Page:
You've got your work cut out for you...
     
  3. mikeyPotg thread starter macrumors 6502

    Joined:
    Mar 20, 2006
    #3
    Hey,
    Thanks for all the great advice! Yes, it was dumped on me, but I'm really the only person in the district that can handle it. I'm not too nervous since I know they don't expect much. I did a retirement video for a vice principal the other month that my students shot (not the best footage) and they were amazed by it.

    I won't be bringing around a light kit unfortunately, but I'll certainly have a tripod, mic, many tapes, and headphones. I'll definitely take your advice and shoot in SD mode. I was just nervous since I haven't done that with my HV20 yet, but I'm sure it'll work well and it'll save me a TON of room on my computer.

    Thankfully the Director of Education sent out an email to all the Principals to inform them that my time is limited and they should do their best to be short and creative.

    I'm not tenured yet. Its only my 2nd year in the district, but so far they really love me and my supervisors says I have nothing to worry about. We'll see! haha. But the support I've gotten from the administration & superintendent has really been awesome, especially compared to another school district where I used to teach - so I want to make it really good for him.

    Thanks again!

     
  4. Galapp macrumors regular

    Joined:
    Jan 27, 2008
    Location:
    Rio de Janeiro, Brazil
    #4
    look, first of all, you should film with your equipment... why? because it is always good to use equipment that you trust rather than other peoples equipment... if you know and used your equipment before, it is better for you to shoot it with your camera... I hope that you know that it is gonna be a serious nightmare... anyways, you should really use your equipment... trust me, last time I used schools equipment / friends equipments, I paid the price... (take was bugged, the camera randomly turned off, and than the HD just randomly erased itself, etc)
     
  5. mikeyPotg thread starter macrumors 6502

    Joined:
    Mar 20, 2006
    #5
    Thanks for all the advice. One last thing. I'm thinking of shooting it all in SD mode since I'm exporting it to a DVD anyway and I'd rather not take up all the room with HD footage.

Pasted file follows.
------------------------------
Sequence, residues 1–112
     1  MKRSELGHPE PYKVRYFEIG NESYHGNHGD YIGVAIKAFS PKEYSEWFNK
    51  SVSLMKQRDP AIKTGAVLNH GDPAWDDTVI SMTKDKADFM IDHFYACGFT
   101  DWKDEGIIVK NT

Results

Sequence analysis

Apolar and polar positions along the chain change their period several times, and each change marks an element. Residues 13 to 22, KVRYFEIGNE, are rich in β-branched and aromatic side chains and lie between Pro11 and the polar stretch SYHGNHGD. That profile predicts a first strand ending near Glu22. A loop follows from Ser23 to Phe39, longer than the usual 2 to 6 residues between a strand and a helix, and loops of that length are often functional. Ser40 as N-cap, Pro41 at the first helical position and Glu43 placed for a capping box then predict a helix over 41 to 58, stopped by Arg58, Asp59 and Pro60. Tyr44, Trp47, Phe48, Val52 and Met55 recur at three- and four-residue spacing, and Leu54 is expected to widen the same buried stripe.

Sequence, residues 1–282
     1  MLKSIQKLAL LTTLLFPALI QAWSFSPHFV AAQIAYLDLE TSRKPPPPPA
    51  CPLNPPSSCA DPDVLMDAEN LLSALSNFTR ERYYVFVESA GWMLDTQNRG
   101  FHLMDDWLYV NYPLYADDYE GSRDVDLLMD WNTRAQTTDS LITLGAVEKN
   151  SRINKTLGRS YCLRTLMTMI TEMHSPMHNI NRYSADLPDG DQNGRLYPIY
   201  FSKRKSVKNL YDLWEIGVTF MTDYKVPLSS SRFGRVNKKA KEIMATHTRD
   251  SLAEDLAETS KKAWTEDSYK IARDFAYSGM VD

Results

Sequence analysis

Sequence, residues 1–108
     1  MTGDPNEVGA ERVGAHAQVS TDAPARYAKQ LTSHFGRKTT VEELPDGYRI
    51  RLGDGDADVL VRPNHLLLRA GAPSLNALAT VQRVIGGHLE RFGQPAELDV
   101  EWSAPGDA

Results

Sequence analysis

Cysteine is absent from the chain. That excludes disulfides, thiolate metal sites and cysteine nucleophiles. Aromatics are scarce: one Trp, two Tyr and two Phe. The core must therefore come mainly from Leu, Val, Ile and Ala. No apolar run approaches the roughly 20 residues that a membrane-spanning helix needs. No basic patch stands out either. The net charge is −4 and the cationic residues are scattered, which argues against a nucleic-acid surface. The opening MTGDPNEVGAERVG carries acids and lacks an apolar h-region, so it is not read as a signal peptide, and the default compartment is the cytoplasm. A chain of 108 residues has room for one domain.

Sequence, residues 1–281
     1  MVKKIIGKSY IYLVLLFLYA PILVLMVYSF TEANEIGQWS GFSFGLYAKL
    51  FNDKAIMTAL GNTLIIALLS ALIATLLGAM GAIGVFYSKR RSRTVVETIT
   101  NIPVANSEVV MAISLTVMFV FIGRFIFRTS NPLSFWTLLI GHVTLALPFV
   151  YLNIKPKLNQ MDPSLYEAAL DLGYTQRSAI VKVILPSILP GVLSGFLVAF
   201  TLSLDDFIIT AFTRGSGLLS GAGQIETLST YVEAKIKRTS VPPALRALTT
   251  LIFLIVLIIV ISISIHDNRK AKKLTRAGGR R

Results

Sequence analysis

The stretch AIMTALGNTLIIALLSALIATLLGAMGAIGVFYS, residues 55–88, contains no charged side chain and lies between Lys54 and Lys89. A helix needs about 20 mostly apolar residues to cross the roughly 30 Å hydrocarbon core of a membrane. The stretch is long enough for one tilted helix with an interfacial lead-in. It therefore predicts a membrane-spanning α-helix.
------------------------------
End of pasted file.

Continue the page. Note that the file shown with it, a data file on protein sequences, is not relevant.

Just so I'm sure of how it works before I start shooting it all, please let me know if theres something I'm missing.

    I'll just put the HV20 in SD (widescreen) mode.
    I'll be editing with FCP 6, but lately I've been editing 24p with the HDV 1060i easy setup.
    Do I just set FCP easy setup to:
    Format: NTSC
    Use: Cinema Tools - DV NTSC NDF
    ?

    Or is it supposed to be a different setting for standard widescreen Mini DV footage? Or do you think it would be wiser to shoot in HD mode and down convert?
     
  6. Lunja macrumors 6502

    Lunja

    Joined:
    May 15, 2005
    Location:
    Lincoln UK
    #6
    Hi - I apologise if you already know this, but it may be of use to anyone else in a similar situation-

    I always find that having a decent shooting plan will help your final product. If you can at least visualise the style and form that your piece will take, then you're onto something good. Try to decide what mix of GV's and IV's you will use, the kinds of shots you will use for IV's (ie. close ups+ static, wider with slight zooming/panning, crash zooms etc)

    With this shooting plan written down, you'll be able to hopefully number your shots and log them while you're shooting. For instance, you may want to open your video with an interview with the retiring person, so when you get this shot, note your timecodes in and out on a piece of paper, along with a quick description of the shot, and its number, ie "00:01:00:00 - 00:02:30:00 - CU IV Mr Smith - Shot 1" (Or better still, get a runner to do this for you- they can then help carry equipment, hold mics etc). Having this list will really help to speed things up when you go to digitise your footage, whilst also making your rough assembly quick and easy.